Barring some unforeseen legal problems, all 12 SEC schools will be represented by the head football coach, one offensive player, and one defensive player. In the main, the head coach chooses established senior players who are well-spoken. Hopefully, they are also interesting. There are four schools represented each day, Wednesday-Friday.
Alabama Head Coach Mike Shula has done a good job in his previous appearances, although it almost seemed mandatory in his first year in 2003 that every reporter referred to him as nervous. Shula is well-organized in his presentation and gives thoughtful responses to questions.
Of course, he gets a lot of practice dealing with the media. No SEC coach has more coverage than the head coach at Alabama.
Everyone will want to hear South Carolina's Steve Spurrier. And he'll deliver a couple of nice lines. But his glib delivery generally provides little insight. Bama fans don't like him, but one of the best at this event (when he comes) is Tennessee Coach Phil Fulmer. He is interesting and informative.
For many years, Alabama was the clean-up event. The conference office had the Crimson Tide head coach on the last day in hopes of keeping attendance high until the end. A couple of years ago the league decided to rotate the coaches on a yearly basis and this year Bama is on the first day, Wednesday.
Shula chose two excellent player representatives. And the Tide teammates were also high school teammates at Huntsville Butler, which is almost certainly a first for SEC Media Days. They are also potential pre-season All-SEC selections, although for some reason halfback Kenneth Darby—a selection of SEC coaches for All-SEC last year—has generally been dropped to second team pre-season this year, including by the same 12 coaches who thought he was all-conference at the end of 2005.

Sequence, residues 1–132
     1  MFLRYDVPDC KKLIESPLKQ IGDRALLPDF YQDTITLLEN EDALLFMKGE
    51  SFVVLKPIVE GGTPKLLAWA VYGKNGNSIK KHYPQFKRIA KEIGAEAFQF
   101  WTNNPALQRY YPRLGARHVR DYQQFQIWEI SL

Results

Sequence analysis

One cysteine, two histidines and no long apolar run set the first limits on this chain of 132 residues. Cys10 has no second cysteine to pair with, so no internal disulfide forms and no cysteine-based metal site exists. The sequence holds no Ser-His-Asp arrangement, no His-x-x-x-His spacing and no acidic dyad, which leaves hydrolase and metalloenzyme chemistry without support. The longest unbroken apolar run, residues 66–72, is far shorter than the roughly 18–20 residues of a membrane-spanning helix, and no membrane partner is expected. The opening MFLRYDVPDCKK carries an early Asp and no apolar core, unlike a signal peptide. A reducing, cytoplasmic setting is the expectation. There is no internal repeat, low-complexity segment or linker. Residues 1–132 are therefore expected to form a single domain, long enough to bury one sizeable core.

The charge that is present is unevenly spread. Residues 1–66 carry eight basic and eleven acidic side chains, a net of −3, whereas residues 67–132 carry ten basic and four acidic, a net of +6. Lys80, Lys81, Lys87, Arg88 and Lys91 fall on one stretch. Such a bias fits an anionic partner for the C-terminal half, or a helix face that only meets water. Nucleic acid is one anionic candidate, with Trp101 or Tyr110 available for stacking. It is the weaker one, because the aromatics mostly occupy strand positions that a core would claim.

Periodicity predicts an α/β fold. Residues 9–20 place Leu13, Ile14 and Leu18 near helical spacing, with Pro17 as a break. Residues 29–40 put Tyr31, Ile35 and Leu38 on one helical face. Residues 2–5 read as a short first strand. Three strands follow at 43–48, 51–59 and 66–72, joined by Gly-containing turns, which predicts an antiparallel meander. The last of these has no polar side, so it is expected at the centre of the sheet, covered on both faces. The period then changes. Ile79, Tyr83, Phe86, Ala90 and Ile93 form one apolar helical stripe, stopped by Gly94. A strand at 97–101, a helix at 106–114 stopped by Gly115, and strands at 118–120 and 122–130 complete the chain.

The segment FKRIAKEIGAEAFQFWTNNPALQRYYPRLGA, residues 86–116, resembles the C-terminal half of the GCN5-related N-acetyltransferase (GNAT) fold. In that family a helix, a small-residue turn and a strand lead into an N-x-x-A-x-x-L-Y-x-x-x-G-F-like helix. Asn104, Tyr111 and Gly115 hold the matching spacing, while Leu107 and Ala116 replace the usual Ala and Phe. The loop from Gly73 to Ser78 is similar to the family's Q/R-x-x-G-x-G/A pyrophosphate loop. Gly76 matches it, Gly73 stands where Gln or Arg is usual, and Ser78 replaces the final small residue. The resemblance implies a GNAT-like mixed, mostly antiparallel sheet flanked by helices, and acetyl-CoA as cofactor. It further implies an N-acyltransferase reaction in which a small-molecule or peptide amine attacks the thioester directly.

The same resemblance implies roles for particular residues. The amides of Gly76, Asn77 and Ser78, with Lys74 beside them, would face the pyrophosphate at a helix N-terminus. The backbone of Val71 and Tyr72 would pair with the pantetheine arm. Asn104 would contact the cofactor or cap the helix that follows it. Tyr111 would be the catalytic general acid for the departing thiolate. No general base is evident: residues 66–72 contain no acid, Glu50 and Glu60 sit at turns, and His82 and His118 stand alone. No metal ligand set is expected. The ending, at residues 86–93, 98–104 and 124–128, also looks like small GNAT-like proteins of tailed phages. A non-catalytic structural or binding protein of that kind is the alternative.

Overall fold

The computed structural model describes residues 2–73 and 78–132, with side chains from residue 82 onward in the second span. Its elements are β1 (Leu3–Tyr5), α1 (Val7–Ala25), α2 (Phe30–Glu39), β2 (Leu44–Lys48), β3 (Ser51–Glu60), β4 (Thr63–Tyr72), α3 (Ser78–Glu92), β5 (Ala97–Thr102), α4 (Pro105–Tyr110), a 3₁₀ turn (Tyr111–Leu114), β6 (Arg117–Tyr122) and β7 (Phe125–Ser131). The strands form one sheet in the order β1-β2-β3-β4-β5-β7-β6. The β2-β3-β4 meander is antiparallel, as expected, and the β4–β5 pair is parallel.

Ramzee Robinson has been making some pre-season all-conference teams and the cornerback will likely be selected by the media at this event. That's because he will make a very good impression. And not just with talk of Xs and Os. Robinson is well-schooled in those, but also familiar with some other letters. G and Q. As in Gentleman's Quarterly, the bible of fashion for men.
Darby admits that he hadn't given any thought to the sartorial side of the event. "I thought I'd wear athletic gear," he said. "But then Bino (Robinson) reminded me that Roman Harper had worn a nice suit last year."
Robinson assured sportswriters that he would have Darby presentable.
One scribe said, "Each year there's a player there who everyone remembers for his clothes."
Robinson scoffed. "That's the guy who is over-dressed," he said.
Not to worry, too much. It would be hard to find a less fashion-conscious crowd than a gaggle of sportswriters, many who will be wearing logo shirts from some previously-covered sporting event. The TV boys will be well-coifed (what sportswriters spend on beer, the TV guys save for hair spray), but as for fashion? Well, you could tell them a Nehru jacket and flowered bell bottoms are in and they'd all be wearing them.
When it all ends Friday, less than 20 per cent of the media will take the trouble to vote on a pre-season All-SEC team and predict an order of finish and league champion.
And barely a week after that, players will officially report for the start of fall camp. After three days in shorts, dress for contact.